Uncle Bens Sweet and Sour 1992

1992 ad for Uncle Bens Sweet and Sour products.

Uncle Ben’s is a brand name for parboiled (“Converted”) rice and related food products. Owned by Mars, Inc., the brand was first used by a company called Converted Rice Inc. which was later bought by Mars. It is based in Houston, Texas. Uncle Ben’s rice was first marketed in 1943 and was the top-selling rice in the United States from 1950 until the 1990s.


When white South Carolina planters were unable to make their rice crops thrive, “slaves from West Africa’s rice region tutored planters in growing the crop.”  In the American South, whites once commonly referred to elderly black men as “uncle,” even though they were not blood relatives (cf. Uncle Remus and Uncle Tom). During the 1940s, blacks were popularly associated with rice. In the later 1800s, African-Americans were often featured as company spokespersons for agricultural and other products in the United States. This kind of market branding has continued, though to a lesser extent, into the 21st century.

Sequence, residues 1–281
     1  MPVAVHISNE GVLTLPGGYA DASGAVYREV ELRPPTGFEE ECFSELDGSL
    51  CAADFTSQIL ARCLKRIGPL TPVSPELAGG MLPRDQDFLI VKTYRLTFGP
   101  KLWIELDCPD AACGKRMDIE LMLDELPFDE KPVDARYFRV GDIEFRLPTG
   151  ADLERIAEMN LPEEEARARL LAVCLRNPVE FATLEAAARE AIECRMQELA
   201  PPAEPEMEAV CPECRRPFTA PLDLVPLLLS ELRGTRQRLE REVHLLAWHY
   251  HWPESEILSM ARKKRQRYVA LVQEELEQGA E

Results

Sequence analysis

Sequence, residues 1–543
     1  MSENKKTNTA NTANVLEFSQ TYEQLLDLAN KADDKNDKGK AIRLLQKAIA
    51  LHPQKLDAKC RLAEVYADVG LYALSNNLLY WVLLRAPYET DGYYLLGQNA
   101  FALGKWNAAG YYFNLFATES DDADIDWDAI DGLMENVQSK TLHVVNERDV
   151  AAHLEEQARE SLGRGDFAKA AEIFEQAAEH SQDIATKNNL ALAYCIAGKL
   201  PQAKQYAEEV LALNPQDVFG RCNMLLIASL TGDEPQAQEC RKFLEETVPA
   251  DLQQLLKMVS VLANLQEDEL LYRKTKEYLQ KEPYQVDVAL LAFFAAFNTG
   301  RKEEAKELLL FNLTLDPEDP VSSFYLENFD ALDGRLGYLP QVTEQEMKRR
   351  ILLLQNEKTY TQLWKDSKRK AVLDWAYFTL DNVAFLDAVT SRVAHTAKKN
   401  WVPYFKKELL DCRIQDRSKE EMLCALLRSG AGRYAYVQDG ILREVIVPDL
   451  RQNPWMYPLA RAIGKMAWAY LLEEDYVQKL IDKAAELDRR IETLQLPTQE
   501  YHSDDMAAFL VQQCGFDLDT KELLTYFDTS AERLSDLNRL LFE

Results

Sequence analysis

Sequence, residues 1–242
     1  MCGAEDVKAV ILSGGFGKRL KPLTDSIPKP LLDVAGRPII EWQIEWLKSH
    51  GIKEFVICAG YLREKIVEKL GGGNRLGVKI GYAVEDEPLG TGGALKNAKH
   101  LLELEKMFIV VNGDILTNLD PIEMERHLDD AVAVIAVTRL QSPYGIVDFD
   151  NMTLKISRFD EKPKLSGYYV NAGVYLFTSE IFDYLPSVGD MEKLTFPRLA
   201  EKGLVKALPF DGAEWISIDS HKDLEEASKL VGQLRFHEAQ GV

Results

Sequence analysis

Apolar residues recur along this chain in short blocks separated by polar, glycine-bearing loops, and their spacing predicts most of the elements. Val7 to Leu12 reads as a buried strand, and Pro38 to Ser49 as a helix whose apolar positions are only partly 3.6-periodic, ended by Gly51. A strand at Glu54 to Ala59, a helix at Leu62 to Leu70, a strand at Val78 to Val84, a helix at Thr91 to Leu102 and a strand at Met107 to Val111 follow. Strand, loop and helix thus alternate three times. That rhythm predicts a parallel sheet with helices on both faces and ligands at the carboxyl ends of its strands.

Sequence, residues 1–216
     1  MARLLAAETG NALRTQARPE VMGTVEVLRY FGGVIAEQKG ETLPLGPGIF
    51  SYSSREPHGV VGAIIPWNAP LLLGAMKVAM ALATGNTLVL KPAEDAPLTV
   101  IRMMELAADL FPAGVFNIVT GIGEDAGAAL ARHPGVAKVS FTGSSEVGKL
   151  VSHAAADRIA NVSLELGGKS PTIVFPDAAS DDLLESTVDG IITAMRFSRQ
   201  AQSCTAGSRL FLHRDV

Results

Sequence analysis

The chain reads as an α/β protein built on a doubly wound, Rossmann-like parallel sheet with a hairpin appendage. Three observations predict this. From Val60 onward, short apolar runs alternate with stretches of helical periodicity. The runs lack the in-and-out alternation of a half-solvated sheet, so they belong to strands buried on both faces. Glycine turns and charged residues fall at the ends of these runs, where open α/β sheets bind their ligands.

Uncle Ben’s products carry the image of an elderly African-American man dressed in a bow tie, perhaps meant to imply a domestic servant in the Aunt Jemima tradition, or maybe a Chicago maitre d’hotel named Frank Brown.  According to Mars, Uncle Ben was an African-American rice grower in Texas known for the quality of his rice. Gordon L. Harwell, an entrepreneur who had supplied rice to the armed forces in World War II, chose the name Uncle Ben’s as a means to expand his marketing efforts to the general public.   The Mars company has not supplied any further biographical detail about the Uncle Ben persona.

Info gleaned from Wikipedia

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